Of toothpaste skies and male voice choirs.

Of toothpaste skies and male voice choirs.

It is a crisp, clear day in my mountain village and I am shopping on the main street. I have my calico bag which is looking quite haggard from use, and as I go from shop to shop I throw all of my shopping in together.

On the street I find the crisp, clear sky dazzling. It is sharp and fresh like toothpaste.

Just before 9 am, replenishing the cottage’s stock of Stone’s Green Ginger Wine, I suspect I am the bottle shop’s first customer of the morning. The attendant asks me about my plans for the day and I am at pains to assure him my plans involve sensible, responsible activities, not lolling on the carpet with the peppery remains of the bottle. I mention something about replacing the filament in the lounge-room up-lamp. There must be a goodly proportion of his clientele that he doesn’t believe and I wonder if I am one of them.

My husband and I saw the Spooky Men’s Chorale yesterday. They were gorgeously amusing as usual, although somewhat hamstrung by the low house lighting which interfered with that connection to their audience which is the engine of a lot of their non-verbal humour. The first time I saw them was in a bright community hall at Lawson and I loved the way the Spooks would gain eye contact with an audience member and then stay connected until it became a contest of who blinks or looks away first. I lost a few times. The buggers.

The Spooky Men announced on Facebook about a week ago that they were holding auditions for new members and at that moment I was more genuinely upset that I was not a male than you can possibly imagine. I have triangulated these results with other women and I am not alone in my misery. Who would not want to be one of these guys:

That clip was lifted from the Spooky Men’s Chorale page.

The show was doubly wonderful because not only did I enjoy the music and comedy of Spooks, I also got to see my local theatre at close to full house. I’ve got this desire for the Springwood Hub to be such an attractive place for entertainers that I will never have to go into the city to see another act ever again. In this dream, weekends unfold like this: my husband and I walk out of our cottage, along a few streets and then down to the local theatre where we are entertained by world class live acts the likes of which New York, London and Sydney enjoy constantly. And we enjoy these fearsome acts and then, depending on the time, we wander back down the main street of our mountain village for a coffee with cake or a glass of red or a pub meal and then we meander home to the cottage for the donning of my generic Australian ugg boots and maybe the last half of this week’s episode of Dr Blake Mysteries, where I spend the entire time wondering what on earth is going on and why yet again is Dr Blakbeing immediately relieved of his duties as coroner and didn’t that happen last episode and wasn’t that a marvellous time at the theatre that we just had.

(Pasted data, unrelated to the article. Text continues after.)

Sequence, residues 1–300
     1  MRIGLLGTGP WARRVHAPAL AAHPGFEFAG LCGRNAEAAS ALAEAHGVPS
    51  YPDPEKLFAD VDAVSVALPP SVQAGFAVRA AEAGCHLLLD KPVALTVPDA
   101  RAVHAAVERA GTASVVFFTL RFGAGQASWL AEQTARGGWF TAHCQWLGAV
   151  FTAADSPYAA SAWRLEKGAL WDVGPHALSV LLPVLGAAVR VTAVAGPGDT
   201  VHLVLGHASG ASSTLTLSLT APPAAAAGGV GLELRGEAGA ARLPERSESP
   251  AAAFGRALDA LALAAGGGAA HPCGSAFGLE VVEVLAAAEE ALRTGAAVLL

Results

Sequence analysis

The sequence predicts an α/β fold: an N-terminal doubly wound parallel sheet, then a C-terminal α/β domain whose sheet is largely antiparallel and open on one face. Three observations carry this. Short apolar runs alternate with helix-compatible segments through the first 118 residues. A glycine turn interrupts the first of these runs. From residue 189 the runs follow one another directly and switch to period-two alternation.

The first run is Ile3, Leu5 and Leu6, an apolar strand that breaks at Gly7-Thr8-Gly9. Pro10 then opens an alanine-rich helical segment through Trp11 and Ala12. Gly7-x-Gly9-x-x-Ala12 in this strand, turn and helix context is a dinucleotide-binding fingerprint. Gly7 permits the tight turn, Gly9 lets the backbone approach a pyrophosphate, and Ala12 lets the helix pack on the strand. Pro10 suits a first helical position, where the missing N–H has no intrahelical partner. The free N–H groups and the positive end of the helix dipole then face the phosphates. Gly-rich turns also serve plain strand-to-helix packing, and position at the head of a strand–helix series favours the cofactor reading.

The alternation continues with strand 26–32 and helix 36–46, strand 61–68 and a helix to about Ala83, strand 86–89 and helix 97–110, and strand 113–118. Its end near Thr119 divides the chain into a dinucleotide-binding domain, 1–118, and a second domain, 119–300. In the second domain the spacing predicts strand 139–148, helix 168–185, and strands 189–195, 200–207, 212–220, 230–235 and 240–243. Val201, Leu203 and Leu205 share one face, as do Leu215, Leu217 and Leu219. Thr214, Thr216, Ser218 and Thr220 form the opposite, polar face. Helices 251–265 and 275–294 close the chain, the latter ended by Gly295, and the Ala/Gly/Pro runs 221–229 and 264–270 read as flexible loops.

This morning I asked myself which Bible verse would go with the mint-fresh toothpaste sky. And I have the answer. It is Job chapter 37, verse 21:

But now, the sun cannot be looked at — it is bright in the skies — after a wind passed and swept the clouds away.

May the clear mint skies blow fresh on you. Or may it rain, if that is what you need.

 

[I am flogging off my novel, Stroke the Tiger’s Tail to raise money for Blue Mountains Refugee Support Group. Read some reviews here and buy it from Createspace or Amazon.]

It sneaks up on you in a gentle but real way. So beautifully constructed. It got right into me and at points brought me to tears.

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Safety Last!

Safety Last!
excerpt from Don't Bring Lulu (1925)
excerpt from Don’t Bring Lulu (1925)